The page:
Serving Massachusetts, Rhode Island, Conn. Maine, Vermont and New Hampshire

 How to Exchange Business Cards Professionally

Bus Card

In the 17th century, business cards were called “bearer” and ”calling” cards, indicators of social status. The cards later became ”trade cards”,  used as a way to identify oneself as part of an organization and provide contact information.

Today, business cards constitute a  professional staple. Below are a few rules for exchanging them with respect and polish:

  • Extend your business card face up and oriented so that the recipient can read it with a glance.
  • Do not ask a higher ranking person if you may give her (him)  your card.  Wait for that person to offer hers, then exchange. If the higher ranking person does not initiate the exchange, accept the fact that there will not be one.
  • It it correct to write on a business card? Perhaps there is a phone number that is not on your card but you wish the other person to have. Since this is your card, feel free to write a note on it before handing it to your companion. However, be careful about writing on someone else’s card! Etiquette differs with cultures.  In the U.S. it is often acceptable. However, if you are exchanging business cards with someone who is Japanese, don’t even ask!  Your companion would be insulted by the sight of you defacing his/her card!   In all cases, take the safe route by waiting until the person is out of sight  to jot down notes.
  • When accepting a card, take a few seconds to read it, then make a brief comment. This sends a message of acknowledgement interest.

Manners are tools through which we show others they are important. The way we offer and receive a business card can signal that the conversation and, thus, the person, is important to us– or not.








It’s National Thank You Note Day – I’m Celebrating with Janet Parnes!

(Marketing expert Kris K and I collaborated to write this blog for her site THE APPRECIATION FACTOR ) Enjoy!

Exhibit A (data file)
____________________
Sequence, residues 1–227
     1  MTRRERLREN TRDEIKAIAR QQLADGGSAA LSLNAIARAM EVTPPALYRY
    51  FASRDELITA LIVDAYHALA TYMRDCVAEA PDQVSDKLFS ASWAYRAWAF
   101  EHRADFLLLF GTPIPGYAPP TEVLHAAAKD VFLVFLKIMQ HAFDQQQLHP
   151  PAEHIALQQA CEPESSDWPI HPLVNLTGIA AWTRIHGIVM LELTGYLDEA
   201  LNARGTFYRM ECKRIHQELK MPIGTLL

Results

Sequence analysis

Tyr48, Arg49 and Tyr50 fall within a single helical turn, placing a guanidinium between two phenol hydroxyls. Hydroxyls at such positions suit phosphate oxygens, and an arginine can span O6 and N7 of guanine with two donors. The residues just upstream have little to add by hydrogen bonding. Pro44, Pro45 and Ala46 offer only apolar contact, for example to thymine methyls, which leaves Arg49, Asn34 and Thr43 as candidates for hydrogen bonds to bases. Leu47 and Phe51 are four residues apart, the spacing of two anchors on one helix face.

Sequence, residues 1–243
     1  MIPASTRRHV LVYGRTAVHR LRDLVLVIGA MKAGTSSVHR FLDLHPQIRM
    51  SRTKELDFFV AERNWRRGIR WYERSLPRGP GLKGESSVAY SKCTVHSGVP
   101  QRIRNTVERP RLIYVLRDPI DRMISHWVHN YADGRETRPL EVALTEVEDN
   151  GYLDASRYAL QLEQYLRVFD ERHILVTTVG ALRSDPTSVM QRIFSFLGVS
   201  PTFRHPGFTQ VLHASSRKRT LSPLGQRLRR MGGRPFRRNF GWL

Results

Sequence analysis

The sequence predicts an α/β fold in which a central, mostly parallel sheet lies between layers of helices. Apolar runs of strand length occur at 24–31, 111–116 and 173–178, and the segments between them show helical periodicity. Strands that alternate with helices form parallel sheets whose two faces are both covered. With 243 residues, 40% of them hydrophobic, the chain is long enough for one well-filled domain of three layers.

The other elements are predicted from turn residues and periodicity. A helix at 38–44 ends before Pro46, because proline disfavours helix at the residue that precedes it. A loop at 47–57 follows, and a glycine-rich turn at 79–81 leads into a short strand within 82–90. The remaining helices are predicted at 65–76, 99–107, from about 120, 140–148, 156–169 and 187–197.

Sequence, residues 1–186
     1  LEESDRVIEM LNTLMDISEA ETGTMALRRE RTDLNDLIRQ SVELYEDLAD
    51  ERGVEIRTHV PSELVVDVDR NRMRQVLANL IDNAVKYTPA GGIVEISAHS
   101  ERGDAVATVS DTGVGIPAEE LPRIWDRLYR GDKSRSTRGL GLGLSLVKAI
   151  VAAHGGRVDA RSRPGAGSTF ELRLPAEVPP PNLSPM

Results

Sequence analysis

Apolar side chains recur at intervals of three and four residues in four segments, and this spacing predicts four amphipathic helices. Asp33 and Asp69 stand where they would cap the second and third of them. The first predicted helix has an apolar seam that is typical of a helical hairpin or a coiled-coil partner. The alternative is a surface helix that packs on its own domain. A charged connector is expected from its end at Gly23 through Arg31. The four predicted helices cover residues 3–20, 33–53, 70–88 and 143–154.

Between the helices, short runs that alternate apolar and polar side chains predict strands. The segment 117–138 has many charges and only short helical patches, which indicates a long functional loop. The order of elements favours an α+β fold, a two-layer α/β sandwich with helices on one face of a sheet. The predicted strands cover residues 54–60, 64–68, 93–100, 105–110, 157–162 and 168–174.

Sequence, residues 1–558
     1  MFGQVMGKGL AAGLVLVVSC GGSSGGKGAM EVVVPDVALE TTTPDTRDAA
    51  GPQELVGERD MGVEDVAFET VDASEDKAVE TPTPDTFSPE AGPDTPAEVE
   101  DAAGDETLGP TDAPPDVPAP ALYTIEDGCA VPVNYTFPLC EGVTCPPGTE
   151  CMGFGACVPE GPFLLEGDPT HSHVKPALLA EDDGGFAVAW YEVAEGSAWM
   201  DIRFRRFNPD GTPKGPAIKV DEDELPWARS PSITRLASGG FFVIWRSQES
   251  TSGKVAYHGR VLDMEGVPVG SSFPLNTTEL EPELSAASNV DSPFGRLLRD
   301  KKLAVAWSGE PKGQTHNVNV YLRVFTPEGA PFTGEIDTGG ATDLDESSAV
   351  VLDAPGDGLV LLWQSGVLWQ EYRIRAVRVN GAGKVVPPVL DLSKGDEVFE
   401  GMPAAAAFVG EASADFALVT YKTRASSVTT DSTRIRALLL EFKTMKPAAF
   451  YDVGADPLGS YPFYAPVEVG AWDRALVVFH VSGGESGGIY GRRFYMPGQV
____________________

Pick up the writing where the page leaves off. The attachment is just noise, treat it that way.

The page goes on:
It's’s that time of year where you may already be writing thank you notes for the generosity of those around you, but did you know there’s an actual “holiday” for Thank you notes? Yep it’s December 26th!  I think it was created as it’s a reminder to get your thank you notes out ASAP after the holidays. (hint hint)

Not to worry I’m here to help.  To celebrate National Thank you Day, I’ve recruited my friend, Janet Parnes, Owner and Etiquette Consultant at Etiquette for  I’m having her share her tips on writing a Thank you note. (I thought it would be great to have someone who counsels these tips to others already, weigh in at The Appreciation Factor. (Plus I’m excited to meet someone who values saying “thank you” as much as I do!)

Before we get to the tips, I thought I’d share a little bit about Janet.

TAF: Janet, Tell me a little bit about you?Janet Parnes Etiquette Consultant

As a child, I thought manners were rules somebody made up for parents to teach their kids. Over time, I realized that manners are powerful tools.  They bring the qualities such kindness, generosity and confidence in ourselves and others to the forefront.  Using manners also makes life more comfortable and harmonious for everyone.

I also believe that manners make up a timeless code of behaviors that lies in the bedrock of a society founded on respect for others and ourselves.  My work around this code fuels me personally and professionally.


TAF: What lead you to starting an etiquette business?